THERE ARE THREE BASIC TYPES OF JUICERS
Please understand that blenders, like Blendtec and Vitamix are NOT juicers but blenders.
They are great blenders but will damage the juice because they process it at much higher temperatures, and the added fiber makes it less palatable and more difficult to consume larger amounts. When it comes to juice extractors, you have three options:
- Centrifugal Juicers: Centrifugal juicers separate the juice from the fiber through a spinning process. These are the most common and least expensive machines, but they are noisy, generate higher heat, are harder to clean and typically less efficient at separating the juice from the pulp.
- Masticating Juicers: Auger or masticating types of juicers (single and double gear) chew up the vegetables and push them through a strainer. They work very well and tend to give you more juice than a centrifugal juicer (possibly 20 to 25 percent more), with less heat. They’re also quieter than other models and tend to be easier to clean and assemble. They cost a bit more than centrifugal juicers, but over time you’ll break even as they give you more juice per veggie.
- Grind-and-press: Presses work like an apple cider mill. These are quite expensive and therefore not as popular for everyday juicing.
In addition to juicers, there are also high-power blenders that some people use to make “whole juice,” which is essentially whole vegetables and/or fruits blended with water or another liquid.
This is not the same as juice. You lose at least one of the major advantages of juicing—which is being able to consume a very large quantity of vegetables, because the fiber limits the amount you can drink and it’s not as tasty.
While fiber certainly has its own benefits, the abundant live nutrients in real juice are more important. The following comparison between blended juice and extracted juice by Juicing Science is instructive in understanding why the fiber issue may be insignificant:
“One hundred grams of kale contains more than 100 percent of your recommended daily intake (RDI) of vitamin A, vitamin C, and vitamin K, and more than 10 percent of your RDI of vitamins B1, B2, B6, calcium, iron, magnesium, and manganese. Yet, despite its dense, dry appearance, it is made up of only 1.7 percent fiber, which means it provides less than six percent of your RDI for fiber.”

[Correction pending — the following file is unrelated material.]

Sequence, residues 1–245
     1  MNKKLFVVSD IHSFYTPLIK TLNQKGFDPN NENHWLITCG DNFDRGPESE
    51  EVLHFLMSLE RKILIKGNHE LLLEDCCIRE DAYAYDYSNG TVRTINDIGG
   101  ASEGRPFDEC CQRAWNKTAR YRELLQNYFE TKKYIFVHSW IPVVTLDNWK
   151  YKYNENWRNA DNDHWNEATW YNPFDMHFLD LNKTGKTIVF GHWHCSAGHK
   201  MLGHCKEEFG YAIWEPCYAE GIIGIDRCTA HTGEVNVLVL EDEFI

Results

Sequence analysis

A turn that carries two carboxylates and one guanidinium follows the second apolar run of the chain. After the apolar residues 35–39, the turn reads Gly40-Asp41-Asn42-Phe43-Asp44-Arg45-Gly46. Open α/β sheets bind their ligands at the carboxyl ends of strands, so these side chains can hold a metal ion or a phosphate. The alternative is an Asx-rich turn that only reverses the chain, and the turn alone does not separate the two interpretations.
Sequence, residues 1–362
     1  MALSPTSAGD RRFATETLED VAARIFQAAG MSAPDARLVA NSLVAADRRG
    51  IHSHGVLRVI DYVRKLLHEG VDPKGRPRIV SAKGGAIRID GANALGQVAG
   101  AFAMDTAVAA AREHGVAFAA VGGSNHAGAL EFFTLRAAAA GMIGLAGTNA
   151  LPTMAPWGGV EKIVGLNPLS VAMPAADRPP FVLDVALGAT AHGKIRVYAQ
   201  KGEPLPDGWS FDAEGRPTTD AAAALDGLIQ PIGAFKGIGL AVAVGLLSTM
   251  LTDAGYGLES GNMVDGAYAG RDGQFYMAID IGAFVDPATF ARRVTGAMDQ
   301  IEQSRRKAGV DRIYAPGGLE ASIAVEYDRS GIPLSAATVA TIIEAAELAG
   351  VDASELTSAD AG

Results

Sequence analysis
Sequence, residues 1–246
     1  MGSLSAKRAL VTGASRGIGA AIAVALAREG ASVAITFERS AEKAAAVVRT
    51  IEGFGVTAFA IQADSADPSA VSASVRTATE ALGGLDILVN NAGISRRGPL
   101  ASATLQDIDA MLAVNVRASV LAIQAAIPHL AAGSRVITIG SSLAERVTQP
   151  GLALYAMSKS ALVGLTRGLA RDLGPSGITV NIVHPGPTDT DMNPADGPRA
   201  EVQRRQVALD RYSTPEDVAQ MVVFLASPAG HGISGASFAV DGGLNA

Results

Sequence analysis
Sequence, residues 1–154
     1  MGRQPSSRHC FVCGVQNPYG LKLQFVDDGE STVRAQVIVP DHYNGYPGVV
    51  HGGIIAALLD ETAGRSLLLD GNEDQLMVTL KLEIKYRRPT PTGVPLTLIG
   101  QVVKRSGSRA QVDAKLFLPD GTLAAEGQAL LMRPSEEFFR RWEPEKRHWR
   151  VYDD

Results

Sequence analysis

So if you’re pursuing a high-fiber diet, blended green smoothies may help, but you’re still going to have to get the majority of your fiber from other sources. Another downside to blended juices is that the heat generated by blending significantly damages many of the micronutrients, due to oxidation.
One laboratory analysis found that 60 seconds in a high-powered blender destroys between 23 and 63 percent of the vitamin C, calcium, and potassium in green vegetables. There is simply no replacement for the flood of vitamins, minerals, enzymes, and phytonutrients your body gets from fresh, cold-extracted juice.
YOUR JUICES SHOULD CONSIS MOSTLY OF GREEN VEGETABLES
Your juices should consist mostly of green vegetables, with minimal fruits so its sugar (fructose) content will be low. You can add in an apple, kiwi, or a handful of berries to give your juice flavor, but the bulk of it should come from organic green veggies like spinach, celery, kale, Swiss chard, etc. Unfortunately, green juice has a stigma for tasting bad, and many people avoid it simply because of its color. But green juice actually has a very pleasant flavor, and it’s easy to “tweak” it to taste even better.
If you’re new to juicing, you can start with more mild-tasting veggies, like celery and cucumbers. From there you can work your way up to red leaf lettuce, romaine, spinach, and escarole, along with parsley and cilantro. Kale, collard, dandelion, mustard, and other greens can be bitter, so you’ll want to start slowly and add just a few leaves at a time.